Pros and Cons of Crowdsourcing

July 9, 2016 |

By Sarah-Claire Jordan

Pros and Cons of Crowdsourcing artSome of the biggest companies are looking to make translating and localizing their web content faster and easier by using something they have in excess, maybe: customers and fans who have a bit of free time on their hands. Many people may know this as “crowdsourcing,” which is essentially the process of enlisting people to help with a project via the Internet. Generally those who participate are not compensated, but sometimes they are.

The pros of using crowdsourcing as a way to translate and localize web content may seem quite obvious. First of all, you generally do not have to compensate any of the participants who use their free time to help with something like translating web content. What they do tends to be just translating and localizing a few words at a time, from three to five words usually. This is quick and easy work that some professional translators might find tedious to deal with.

Even so, some companies do figure out ways to at least reward contributors. Though it got called out for being a successful company asking for people to help for free essentially, LinkedIn did offer those who contributed to the translation of web content a badge and some premium services. This is one way to deal with fears that people might cry “exploitation”, even though it is a purely voluntary act to contribute to any crowdsourcing project.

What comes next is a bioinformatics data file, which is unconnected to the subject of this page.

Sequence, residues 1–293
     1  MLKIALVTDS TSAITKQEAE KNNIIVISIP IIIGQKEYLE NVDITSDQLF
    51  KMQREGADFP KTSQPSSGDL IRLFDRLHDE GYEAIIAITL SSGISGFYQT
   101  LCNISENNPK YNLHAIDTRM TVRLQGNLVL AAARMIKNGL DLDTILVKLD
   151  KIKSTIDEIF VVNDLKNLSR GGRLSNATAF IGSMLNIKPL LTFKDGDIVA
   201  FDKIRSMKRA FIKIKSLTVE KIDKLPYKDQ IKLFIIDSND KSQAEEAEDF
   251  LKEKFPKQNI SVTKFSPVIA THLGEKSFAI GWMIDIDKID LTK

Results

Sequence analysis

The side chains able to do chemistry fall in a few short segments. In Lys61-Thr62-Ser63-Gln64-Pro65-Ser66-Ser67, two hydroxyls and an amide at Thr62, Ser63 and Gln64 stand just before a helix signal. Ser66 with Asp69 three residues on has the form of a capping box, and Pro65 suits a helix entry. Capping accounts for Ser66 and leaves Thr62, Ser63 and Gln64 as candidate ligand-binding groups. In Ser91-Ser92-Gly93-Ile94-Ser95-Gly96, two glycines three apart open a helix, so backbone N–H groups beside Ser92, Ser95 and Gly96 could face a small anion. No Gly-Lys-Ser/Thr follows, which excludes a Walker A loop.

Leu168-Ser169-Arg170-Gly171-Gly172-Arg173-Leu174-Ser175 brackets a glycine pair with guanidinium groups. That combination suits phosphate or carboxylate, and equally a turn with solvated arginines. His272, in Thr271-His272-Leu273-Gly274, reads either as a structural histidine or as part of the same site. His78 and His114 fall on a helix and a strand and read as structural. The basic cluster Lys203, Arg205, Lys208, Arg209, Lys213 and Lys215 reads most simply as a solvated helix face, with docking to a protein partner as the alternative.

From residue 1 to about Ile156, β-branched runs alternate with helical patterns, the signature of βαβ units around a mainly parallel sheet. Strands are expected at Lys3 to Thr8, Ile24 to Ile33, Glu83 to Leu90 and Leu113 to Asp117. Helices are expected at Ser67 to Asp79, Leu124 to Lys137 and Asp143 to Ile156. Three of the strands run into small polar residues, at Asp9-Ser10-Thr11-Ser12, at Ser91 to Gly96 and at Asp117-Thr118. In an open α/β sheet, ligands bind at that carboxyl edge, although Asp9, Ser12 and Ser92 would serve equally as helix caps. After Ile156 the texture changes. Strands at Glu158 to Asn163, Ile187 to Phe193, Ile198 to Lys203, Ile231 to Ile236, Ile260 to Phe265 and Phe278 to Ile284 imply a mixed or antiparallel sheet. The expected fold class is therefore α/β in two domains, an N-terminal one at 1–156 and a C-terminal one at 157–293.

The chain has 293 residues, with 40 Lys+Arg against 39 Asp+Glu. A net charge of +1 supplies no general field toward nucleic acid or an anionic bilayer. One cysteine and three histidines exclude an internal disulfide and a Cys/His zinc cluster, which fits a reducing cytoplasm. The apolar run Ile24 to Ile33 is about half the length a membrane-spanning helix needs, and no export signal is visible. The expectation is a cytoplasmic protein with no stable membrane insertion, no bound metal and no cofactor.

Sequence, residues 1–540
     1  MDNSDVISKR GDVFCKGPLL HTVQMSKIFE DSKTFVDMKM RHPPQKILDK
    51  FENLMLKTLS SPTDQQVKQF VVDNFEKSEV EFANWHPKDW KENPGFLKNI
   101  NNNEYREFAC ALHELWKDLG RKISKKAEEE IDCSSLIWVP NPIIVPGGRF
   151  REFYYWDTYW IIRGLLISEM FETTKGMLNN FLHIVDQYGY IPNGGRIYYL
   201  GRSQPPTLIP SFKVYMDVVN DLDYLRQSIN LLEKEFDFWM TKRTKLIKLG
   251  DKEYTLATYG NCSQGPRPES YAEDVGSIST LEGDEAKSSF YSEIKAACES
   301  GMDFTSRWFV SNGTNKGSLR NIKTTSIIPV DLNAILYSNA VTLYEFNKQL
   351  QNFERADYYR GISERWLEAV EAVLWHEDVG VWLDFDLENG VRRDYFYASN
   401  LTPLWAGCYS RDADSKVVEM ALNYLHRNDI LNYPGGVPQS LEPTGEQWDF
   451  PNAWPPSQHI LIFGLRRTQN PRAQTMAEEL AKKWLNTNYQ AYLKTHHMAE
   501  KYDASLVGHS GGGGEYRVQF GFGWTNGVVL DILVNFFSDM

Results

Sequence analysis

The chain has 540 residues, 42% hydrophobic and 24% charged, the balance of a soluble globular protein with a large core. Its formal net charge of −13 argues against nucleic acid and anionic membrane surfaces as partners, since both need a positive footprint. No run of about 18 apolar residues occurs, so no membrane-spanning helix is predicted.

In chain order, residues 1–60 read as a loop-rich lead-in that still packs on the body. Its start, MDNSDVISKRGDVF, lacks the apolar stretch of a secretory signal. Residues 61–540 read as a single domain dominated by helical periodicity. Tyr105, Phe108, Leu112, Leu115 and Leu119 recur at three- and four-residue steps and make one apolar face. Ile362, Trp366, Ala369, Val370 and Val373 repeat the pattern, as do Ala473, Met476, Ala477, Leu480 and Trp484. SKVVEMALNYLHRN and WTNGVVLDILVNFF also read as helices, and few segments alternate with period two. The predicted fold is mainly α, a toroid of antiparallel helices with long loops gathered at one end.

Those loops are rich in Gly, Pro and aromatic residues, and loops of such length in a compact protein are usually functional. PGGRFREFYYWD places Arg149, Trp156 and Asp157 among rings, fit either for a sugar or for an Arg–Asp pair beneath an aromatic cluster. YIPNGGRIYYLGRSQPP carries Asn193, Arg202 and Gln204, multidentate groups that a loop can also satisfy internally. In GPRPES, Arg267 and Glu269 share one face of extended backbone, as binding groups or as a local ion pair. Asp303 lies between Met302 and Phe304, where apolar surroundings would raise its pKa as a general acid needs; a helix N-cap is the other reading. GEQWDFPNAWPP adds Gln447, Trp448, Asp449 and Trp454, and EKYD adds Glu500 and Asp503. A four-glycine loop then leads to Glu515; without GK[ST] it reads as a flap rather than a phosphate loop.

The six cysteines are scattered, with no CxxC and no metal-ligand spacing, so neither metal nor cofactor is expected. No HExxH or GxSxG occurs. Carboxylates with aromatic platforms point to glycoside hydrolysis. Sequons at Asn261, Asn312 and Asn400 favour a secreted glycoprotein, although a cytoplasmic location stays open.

Another advantage to using crowdsourcing is what many call “wisdom of the crowd”, which is just another way to say “two heads are better than one.” It is a simple concept that most people can easily grasp, and means that generally, the more people you have working on something, the more information you have access to. Not everyone knows everything about how to translate and localize something, but many people together can piece together what they collectively know to get the job done. Mathematics are also at play here, as the more input you have for something, the more likely you are to come up with the best answer, á la the concept of averages.

All that being said, using this particular method isn’t necessarily the best way to go in some cases. Probably the most glaring con to using volunteers to translate and localize is the fact that many contributors are not language or localization professionals. They may be bilingual, or be language students, but many do not have the proper training to handle a lot of the types of content that need to be translated. Facebook had a rather novel way of approaching this issue by simply asking participants whether they were professionals or just bilingual and giving them translation and localization tasks based on their responses.

This leads to another huge issue, which is the lack of reviewing and quality control that so often goes along with this particular method. In many cases, the content is only reviewed if at least half of the other contributors say that the translation is not right. Otherwise, any criticism gets drowned out by a sea of approval, many times from non-professionals. If companies can figure out ways to use crowdsourcing and still get accurate and relevant translations that professionals would approve of, then by all means they should go ahead and use it. If they can’t mitigate the cons, however, it might not be the best route for them to take.

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Category: Business Translation

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